The aftermath of the pandemic


Last updated 3/24/2021 at 8:41am

The vaccine showed up, the numbers are going down, and places are beginning to open back up. While the hope of a return to normalcy may be peeking out, I want to remind ourselves that some of the worst repercussions of this pandemic are beginning to emerge.

This past week, a tragedy, a suicide, occurred with a high school student right in our area's backyard. While we all wish it was an anomaly, the truth is that the pain is right here in our house. Life can be difficult no matter who you are, where you live and what you have or don't have. It will benefit us all to remember that we are surrounded by (or may be) hurting people.

Following the day we were released from school last year due to the pandemic, it hit me strongly that some of the major consequences of the ensuing pandemic were not going to be physical health related. The minute I heard that groups like AA and NA were not meeting in person but the drive-through liquor stores were running strong, that people were being sent home to quarantine together, some in abusive situations, and that everything people do and sometimes live for was being shut down and taken away, I knew that when the medical crisis ended, this would not be over.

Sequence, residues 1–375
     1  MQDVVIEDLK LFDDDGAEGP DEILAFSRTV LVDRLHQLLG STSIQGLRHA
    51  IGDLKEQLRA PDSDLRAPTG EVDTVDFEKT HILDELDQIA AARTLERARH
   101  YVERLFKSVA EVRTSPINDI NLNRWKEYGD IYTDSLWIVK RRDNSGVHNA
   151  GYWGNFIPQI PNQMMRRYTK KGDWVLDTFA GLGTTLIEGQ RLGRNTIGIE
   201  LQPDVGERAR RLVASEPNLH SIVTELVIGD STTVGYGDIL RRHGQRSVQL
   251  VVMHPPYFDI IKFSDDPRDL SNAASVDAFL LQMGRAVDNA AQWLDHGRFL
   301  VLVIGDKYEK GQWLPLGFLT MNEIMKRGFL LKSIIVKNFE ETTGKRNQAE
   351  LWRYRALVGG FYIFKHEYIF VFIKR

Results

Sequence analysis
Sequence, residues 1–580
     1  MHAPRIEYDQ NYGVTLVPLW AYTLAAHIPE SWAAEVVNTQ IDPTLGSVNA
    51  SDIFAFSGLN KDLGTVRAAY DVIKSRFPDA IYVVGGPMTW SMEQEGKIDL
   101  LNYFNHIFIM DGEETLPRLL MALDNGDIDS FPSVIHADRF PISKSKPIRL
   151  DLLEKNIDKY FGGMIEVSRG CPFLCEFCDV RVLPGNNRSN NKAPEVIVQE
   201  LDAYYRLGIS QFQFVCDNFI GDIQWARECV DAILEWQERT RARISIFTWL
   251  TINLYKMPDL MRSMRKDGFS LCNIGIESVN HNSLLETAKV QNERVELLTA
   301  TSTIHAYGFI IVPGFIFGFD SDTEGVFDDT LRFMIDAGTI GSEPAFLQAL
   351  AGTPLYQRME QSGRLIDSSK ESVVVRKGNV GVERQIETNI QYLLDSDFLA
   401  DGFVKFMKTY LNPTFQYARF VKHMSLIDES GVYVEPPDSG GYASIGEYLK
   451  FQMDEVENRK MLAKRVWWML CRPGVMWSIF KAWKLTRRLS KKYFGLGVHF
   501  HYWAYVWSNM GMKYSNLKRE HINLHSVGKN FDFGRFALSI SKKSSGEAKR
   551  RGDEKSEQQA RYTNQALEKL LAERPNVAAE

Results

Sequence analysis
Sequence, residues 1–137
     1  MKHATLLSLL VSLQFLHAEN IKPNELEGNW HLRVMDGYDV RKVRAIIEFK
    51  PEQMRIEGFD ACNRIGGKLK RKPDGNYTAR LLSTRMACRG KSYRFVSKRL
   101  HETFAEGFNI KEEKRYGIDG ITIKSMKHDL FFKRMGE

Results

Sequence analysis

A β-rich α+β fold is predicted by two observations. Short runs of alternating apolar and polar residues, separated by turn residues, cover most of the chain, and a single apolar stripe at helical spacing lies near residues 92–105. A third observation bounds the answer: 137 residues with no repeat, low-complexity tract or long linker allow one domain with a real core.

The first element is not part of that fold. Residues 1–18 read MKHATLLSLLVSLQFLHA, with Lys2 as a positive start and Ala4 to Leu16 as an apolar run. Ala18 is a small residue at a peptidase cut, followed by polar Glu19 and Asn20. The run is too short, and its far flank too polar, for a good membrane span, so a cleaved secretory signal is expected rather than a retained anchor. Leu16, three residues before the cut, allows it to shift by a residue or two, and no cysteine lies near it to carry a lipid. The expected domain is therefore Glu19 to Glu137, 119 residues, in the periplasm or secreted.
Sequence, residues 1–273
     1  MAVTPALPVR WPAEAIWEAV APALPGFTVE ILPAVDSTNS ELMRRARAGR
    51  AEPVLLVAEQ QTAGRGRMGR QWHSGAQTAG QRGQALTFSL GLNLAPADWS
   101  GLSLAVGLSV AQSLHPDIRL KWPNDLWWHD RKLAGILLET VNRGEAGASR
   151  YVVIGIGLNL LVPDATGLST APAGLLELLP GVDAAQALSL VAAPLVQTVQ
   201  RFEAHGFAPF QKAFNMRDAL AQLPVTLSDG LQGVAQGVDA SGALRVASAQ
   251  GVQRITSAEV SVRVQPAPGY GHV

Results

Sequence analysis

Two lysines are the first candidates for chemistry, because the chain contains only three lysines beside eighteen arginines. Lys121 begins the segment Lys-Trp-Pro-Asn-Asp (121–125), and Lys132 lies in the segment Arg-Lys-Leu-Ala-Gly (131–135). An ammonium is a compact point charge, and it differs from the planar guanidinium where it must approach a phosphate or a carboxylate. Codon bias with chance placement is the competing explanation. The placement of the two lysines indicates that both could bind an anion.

While the medical side is not completely over, we are beginning to see the strong mental and emotional consequences of what the last year has done. Relapses, abuse, mental health emergencies that come in many different forms, self-harm, suicide. All of these events are beginning to come to the surface. We cannot ignore these. We cannot say, "That's so sad," and then move on as if unaffected. We, as a community and as humans, must take notice and look out for each other.

I beg of anyone who reads this to make a conscious effort to notice those around you. If possible, smile a little more, truly ask how someone is, say hello to those you pass, and above all NOTICE. Notice when someone looks down or sad, notice when something seems different, notice when someone eats less or more than usual, notice when they talk less or withdraw. These are not the only signs of pain. Some people are skilled at hiding pain. I just ask that you try to notice. As we notice each other and attempt to give any bit of light, love, and hope, we spread something to others that they simply may not be able do for themselves at the time. 

If you are hurting, I beg of you to trust and remember that there are others who care. Look to family, to friends, to a church, to a group that you are associated with (your job, school, church, Rotary Club, etc.), a doctor (CMC has great help available!), mental health professional; anyone who you can just share with that you have a need. Though hurting is often a place of despair and loneliness, remember that you live in a community filled with people who care. You live in a place where there are people who will fight with you and for you when you cannot.

My biggest concern right now is students because that is who I serve and am surrounded with, but my words apply to all of us regardless of age or situation. There are people who will stand with you when you cannot. I implore all of us, those needing help or not, to notice. TOGETHER we are strong.

Extremely concerned,

Nicole Rasmussen


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